Managing and using internal and external data to drive key business decisions is critical to companies in many industries. Transportation leaders focused on those tasks met at the recent McLeod Software Artificial Intelligence/Business Intelligence (AI/BI) Conference in Birmingham, Alabama.
The overarching theme of the conference was the importance of data quality (and not just data collection) to enable useful business intelligence projects.
Several speakers highlighted that great data visualization and BI starts with data quality. The approaches to achieving data quality varied. Most favored leading with data collection and quality. However, Houston Vaughn, Chief Operating Officer of P&S Logistics, took a contrarian approach. He said, “Once you start showing the data, and talking about it every day, people tend to pay more attention to the quality of their data.” Every major decision at P&S is driven by good data, because what worked with a few dozen trucks is not viable with a fleet larger than 3,000 power units. Vaughn continued, “Today, we’d rather have a fresh logistics business graduate ready to use data and technology than a 20-year veteran who can barely turn on a computer.”
Vice President of Special Projects for McLeod Software Ken Craig gave an overview of AI and highlighted areas in the logistics industry where AI is making an impact, including predictive analytics, big data, machine vision, robotics, and autonomous trucking.
Tom Curee, Senior Vice President of Strategy and Innovation for Kingsgate Logistics, discussed how his team is recording and using natural language software to transcribe calls between Kingsgate representatives and customers. “We analyze how much of the call is small-talk, and how much is business, and then compare results. This helps us coach reps on optimal strategy,” Curee said. Kingsgate is also integrating external data, including FreightWaves SONAR data, into its McLeod interface.
Kingsgate is piloting its new external data augmentation with a small group of brokers, and early indications have been promising. Curee gave several examples of alternative data about specific loads that were presented inside the McLeod platform that were more accurate than the experience-based, gut-feeling and long-held maxims of seasoned brokers.
McLeod’s data science and analytics team presented a practical overview of AI techniques in a panel led by Jonathan May, McLeod’s Director of BI. The traditionally operations-focused software company has made major investments in data science and analytics over the last 24 months. Their Data Science and Business Intelligence teams now boast more than 20 members.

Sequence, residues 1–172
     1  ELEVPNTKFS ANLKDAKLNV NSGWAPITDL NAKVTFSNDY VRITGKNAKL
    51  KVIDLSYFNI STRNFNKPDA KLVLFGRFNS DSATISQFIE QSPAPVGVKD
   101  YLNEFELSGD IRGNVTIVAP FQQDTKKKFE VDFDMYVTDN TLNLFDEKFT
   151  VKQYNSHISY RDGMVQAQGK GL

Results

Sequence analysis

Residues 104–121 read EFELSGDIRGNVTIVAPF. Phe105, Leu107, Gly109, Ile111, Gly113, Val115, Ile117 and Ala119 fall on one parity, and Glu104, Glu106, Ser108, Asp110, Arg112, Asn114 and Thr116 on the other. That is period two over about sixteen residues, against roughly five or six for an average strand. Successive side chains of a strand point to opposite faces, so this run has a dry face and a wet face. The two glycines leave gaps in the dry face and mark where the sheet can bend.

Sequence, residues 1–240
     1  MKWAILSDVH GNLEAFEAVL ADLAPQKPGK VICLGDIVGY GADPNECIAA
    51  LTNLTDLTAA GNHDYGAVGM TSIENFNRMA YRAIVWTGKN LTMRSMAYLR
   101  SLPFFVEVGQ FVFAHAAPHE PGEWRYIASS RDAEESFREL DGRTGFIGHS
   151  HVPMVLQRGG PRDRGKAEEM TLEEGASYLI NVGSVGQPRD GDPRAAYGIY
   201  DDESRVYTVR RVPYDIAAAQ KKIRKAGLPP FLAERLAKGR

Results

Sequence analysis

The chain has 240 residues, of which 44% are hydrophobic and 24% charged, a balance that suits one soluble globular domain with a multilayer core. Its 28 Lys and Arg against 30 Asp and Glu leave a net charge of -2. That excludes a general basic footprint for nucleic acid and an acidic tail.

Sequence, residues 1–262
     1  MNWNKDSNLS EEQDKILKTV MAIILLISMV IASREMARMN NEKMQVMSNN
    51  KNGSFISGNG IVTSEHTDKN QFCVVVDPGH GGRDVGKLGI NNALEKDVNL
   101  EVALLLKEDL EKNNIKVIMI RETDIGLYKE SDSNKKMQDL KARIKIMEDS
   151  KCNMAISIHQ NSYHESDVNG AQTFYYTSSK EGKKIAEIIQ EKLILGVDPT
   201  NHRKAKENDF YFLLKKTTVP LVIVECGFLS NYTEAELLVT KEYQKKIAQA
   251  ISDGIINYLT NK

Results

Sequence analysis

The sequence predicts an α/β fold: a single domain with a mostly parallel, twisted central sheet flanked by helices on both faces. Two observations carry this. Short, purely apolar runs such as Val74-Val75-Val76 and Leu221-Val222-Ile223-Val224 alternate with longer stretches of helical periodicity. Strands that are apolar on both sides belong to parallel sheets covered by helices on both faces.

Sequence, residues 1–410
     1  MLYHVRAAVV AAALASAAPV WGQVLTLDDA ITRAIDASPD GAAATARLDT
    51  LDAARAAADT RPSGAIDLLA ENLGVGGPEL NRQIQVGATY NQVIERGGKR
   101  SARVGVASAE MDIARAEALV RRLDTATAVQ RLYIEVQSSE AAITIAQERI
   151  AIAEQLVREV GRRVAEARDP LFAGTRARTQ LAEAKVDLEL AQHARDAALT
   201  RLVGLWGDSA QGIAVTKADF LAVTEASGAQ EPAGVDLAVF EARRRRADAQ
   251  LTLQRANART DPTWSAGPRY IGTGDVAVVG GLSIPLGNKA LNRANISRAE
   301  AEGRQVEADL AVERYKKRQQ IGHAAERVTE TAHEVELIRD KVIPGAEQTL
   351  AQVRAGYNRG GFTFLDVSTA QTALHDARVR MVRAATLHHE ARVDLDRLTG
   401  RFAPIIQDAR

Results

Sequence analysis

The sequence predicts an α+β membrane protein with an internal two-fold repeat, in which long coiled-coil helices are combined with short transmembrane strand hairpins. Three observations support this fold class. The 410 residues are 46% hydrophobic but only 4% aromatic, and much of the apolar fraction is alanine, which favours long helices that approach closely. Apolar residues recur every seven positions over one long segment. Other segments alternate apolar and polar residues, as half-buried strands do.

I was invited to speak about FreightWaves, and the company’s use of AI and BI. AI, machine learning and deep learning are fascinatingly powerful technologies, but they’ve transcended their mathematical roots and have become marketing terms. Machine learning at its core is just brute force math. For certain problems, where accuracy and cost are more important than explainability, machine learning shines. A great example, and one used at FreightWaves, is image recognition. It doesn’t matter how our model determines that a photograph contains a truck or a car, simply that it gets the right answer most of the time. When it comes to forecasting, machine learning can achieve impressive results, but most people want an explanation of the underlying forces driving rates up or down. Traditional regression techniques are more suited to explaining the drivers behind a forecast.
Other speakers included Tiffany Giekes, Vice President of Business Process & Technology with Decker Truck Line; Brandon Exley, Director of Business Development at Barnhart Transportation; and Jesse Woods, Engagement Manager with StrategyWise.
Explaining McLeod’s rationale for hosting the event, Craig said, “We have seen tremendous innovation in the use of BI and advanced analytics on the part of our carrier and brokerage customers. McLeod Software’s goal for this conference was for each company in attendance to leave with at least one good and practical idea to take home and start working on. We believe we succeeded.”